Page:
Will customers see Suzlon's PALS campaign as greenwashing, or can the campaign actually engage the target segment?
Topic for the next issue’s Eye to Eye: “Is Tata Indicom’s being merged into Tata Docomo right for Tata Teleservices?” Your opinion (view/counterview) is invited. Word limit is 250-300. Last date of sending entries is 15th November 2011. Include your picture (JPEG format) with the entry.
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war zone | silent voice
LAST MONTH’S RESULTS
Theme: “Titan's premium Swiss brand Xylys plans to launch a women's line”
WINNER: Ritika & Imtiyaz | Welingkar, MUMBAI Congratulations!!!They receive a cash prize of Rs 500!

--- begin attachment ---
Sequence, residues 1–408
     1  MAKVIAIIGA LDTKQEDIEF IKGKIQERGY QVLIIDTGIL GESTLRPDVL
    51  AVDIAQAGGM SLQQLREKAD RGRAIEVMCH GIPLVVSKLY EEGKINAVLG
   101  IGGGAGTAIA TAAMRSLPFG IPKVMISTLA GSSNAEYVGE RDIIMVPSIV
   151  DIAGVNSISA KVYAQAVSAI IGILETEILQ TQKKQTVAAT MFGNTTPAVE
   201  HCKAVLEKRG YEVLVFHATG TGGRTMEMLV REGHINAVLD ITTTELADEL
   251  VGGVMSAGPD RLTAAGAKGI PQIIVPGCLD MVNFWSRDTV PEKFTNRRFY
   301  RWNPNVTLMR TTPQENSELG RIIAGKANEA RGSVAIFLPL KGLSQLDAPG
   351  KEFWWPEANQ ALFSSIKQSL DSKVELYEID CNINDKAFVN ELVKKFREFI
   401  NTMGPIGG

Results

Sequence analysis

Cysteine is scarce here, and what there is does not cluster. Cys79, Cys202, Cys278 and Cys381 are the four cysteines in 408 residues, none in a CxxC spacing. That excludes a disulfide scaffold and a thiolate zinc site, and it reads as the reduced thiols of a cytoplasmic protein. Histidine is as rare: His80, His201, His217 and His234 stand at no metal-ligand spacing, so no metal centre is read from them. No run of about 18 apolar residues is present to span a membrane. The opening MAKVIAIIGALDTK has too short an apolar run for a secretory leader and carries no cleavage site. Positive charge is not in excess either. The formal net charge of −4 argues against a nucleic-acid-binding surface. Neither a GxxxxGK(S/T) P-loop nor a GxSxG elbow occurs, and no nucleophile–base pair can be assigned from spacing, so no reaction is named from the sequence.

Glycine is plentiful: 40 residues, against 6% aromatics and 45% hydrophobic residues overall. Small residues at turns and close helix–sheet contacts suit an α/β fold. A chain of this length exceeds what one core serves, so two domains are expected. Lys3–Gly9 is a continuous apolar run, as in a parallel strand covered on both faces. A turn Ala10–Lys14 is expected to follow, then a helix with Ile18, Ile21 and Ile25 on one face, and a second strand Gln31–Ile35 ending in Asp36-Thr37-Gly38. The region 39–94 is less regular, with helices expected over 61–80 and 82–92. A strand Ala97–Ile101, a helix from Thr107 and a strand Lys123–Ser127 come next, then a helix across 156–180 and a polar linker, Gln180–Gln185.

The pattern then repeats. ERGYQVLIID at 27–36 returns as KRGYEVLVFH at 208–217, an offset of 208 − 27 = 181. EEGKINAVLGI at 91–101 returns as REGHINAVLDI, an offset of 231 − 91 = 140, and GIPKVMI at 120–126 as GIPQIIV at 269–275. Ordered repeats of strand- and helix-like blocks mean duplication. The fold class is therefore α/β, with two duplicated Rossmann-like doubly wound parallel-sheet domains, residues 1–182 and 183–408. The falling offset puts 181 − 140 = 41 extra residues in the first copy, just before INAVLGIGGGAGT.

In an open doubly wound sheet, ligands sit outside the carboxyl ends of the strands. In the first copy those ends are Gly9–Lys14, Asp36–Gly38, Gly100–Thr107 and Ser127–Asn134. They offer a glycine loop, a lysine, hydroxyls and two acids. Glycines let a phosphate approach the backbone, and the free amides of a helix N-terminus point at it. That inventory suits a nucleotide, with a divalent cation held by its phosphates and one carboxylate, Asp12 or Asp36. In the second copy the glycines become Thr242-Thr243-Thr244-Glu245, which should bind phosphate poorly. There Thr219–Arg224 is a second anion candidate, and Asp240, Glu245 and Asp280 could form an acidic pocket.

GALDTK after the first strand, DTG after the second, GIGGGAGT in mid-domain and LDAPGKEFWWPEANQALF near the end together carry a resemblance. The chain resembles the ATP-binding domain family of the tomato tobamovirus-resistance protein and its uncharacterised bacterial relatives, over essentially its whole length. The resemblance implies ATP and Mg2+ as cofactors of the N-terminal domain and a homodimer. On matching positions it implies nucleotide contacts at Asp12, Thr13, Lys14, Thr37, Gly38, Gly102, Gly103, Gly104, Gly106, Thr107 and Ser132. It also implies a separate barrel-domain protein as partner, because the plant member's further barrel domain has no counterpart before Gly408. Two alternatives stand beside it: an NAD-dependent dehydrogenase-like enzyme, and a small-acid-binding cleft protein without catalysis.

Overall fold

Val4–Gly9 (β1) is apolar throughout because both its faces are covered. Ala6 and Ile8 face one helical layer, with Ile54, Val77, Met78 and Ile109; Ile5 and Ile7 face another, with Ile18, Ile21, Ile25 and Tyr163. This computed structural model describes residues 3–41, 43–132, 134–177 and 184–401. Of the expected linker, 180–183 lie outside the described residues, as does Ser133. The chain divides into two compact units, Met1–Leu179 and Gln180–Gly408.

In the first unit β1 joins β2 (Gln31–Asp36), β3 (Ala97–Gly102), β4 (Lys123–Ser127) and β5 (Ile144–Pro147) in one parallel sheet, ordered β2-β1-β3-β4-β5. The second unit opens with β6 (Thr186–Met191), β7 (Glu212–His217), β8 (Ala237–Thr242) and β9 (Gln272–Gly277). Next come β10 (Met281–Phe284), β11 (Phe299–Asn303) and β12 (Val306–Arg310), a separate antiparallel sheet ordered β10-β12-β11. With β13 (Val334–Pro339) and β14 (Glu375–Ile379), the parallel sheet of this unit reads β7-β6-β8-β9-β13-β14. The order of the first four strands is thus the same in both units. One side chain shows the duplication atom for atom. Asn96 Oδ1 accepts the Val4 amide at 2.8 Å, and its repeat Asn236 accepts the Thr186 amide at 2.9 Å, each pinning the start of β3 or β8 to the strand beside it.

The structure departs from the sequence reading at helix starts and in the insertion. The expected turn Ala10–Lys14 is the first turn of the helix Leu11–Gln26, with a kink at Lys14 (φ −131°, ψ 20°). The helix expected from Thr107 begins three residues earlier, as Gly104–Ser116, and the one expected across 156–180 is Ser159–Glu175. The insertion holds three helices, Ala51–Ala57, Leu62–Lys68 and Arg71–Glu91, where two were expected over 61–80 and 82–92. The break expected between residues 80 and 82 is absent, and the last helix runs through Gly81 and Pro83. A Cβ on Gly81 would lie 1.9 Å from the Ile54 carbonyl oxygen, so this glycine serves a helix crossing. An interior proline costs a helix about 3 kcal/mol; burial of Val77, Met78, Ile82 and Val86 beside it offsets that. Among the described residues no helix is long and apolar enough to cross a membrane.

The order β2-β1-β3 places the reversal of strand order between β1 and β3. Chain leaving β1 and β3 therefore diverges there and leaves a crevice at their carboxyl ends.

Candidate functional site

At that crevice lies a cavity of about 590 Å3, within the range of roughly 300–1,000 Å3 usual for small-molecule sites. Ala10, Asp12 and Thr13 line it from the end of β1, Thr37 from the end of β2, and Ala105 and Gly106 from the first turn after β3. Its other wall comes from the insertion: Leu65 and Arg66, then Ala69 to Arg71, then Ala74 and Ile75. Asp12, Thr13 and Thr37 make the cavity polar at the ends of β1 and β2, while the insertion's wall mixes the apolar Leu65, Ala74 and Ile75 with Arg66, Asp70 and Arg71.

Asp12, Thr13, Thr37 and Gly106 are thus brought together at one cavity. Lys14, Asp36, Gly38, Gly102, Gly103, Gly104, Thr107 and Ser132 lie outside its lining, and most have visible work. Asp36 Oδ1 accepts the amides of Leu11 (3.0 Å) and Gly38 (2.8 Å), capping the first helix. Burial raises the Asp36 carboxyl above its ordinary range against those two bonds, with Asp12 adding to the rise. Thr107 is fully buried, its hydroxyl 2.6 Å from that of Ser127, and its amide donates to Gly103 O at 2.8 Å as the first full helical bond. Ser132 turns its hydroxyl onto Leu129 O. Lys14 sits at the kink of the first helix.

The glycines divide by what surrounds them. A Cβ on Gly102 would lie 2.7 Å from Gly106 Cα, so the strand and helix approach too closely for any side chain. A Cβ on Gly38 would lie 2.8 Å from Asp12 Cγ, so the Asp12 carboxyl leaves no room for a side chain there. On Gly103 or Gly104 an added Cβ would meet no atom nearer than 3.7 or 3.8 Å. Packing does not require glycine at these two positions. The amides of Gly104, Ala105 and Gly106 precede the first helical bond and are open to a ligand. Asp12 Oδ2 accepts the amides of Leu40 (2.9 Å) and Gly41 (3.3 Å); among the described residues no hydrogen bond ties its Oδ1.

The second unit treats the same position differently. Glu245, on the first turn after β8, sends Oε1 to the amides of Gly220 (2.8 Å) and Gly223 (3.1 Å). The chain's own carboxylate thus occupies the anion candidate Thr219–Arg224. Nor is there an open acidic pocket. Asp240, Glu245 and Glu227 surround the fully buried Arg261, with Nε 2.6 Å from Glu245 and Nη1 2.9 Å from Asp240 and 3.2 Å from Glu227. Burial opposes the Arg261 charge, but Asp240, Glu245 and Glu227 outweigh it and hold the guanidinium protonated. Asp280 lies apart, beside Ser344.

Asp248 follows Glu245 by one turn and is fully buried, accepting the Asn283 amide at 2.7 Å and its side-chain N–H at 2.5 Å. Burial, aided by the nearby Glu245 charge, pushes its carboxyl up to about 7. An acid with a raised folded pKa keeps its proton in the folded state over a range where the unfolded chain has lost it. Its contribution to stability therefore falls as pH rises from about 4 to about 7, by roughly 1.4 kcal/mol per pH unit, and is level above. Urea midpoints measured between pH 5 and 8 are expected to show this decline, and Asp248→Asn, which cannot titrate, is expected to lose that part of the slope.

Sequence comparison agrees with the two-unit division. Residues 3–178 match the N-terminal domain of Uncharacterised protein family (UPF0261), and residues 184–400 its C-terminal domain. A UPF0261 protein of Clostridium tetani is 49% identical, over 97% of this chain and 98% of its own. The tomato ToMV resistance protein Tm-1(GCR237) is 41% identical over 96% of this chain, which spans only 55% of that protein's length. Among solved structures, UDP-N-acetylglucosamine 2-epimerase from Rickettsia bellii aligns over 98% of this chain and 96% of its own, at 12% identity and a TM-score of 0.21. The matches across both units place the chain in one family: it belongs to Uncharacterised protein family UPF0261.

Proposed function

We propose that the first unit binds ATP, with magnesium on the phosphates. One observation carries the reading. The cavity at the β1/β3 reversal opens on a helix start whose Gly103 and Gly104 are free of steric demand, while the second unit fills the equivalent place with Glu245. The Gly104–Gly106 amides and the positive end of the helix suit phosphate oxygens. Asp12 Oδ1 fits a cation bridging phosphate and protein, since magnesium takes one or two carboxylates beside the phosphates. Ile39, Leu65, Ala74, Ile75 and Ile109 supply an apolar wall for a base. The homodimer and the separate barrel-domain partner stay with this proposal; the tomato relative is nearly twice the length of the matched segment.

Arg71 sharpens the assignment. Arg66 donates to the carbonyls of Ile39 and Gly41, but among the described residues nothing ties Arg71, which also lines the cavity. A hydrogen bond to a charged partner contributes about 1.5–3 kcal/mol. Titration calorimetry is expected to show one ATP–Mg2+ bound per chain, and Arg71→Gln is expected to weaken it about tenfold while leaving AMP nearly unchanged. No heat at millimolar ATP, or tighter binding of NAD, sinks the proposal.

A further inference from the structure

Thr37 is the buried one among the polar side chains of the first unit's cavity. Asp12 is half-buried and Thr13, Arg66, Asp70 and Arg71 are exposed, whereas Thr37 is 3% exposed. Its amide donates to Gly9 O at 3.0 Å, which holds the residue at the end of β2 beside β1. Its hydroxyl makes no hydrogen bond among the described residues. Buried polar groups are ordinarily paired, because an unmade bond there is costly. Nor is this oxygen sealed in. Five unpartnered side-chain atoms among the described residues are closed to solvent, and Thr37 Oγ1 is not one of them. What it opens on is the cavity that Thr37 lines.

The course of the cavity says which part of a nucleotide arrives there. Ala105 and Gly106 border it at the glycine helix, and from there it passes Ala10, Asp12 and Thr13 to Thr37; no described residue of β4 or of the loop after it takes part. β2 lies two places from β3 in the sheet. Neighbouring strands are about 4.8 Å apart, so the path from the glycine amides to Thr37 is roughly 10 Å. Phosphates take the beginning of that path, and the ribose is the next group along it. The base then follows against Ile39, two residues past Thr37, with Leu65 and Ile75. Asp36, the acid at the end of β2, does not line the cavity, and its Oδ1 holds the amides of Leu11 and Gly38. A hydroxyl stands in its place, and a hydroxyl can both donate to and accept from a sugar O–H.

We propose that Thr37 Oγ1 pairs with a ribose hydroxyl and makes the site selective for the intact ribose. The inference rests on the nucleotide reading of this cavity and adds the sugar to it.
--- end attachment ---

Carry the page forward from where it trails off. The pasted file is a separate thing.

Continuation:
Articles are invited “Best Article”: Abheek Talukdar, Aswini. R | FMS They receive a cash prize of Rs. 1000 & a letter of appreciation. We are inviting articles from all the B-schools of India. The articles can be specific to the regular sections of Markathon which includes: Perspective: Articles related to development of latest trends in marketing arena. Productolysis: Analysis of a product from the point of view of marketing. Strategic Analysis: A complete analysis of the marketing strategy of any company or an event. International Column: Articles covering latest marketing trends, innovative practices, branding strategies etc. in the global perspective. Apart from above, out of the box views related to marketing are also welcome. The best entry will receive a letter of appreciation and a cash prize of Rs 1000/-. The format of the file should be MS Word doc/docx. We’re inviting photographs of interesting promotional events/advertisements/hoardings/banners etc. you might have come across in your daily life for our new section “The 4th P”. Send your self-clicked photographs in JPEG format only. NEXT THEME FOR SILENT VOICE: “Wipro's re-launch of the newly acquired soap Aramusk” The last date of receiving all entries is 15th November 2011. Please send your entries marked 22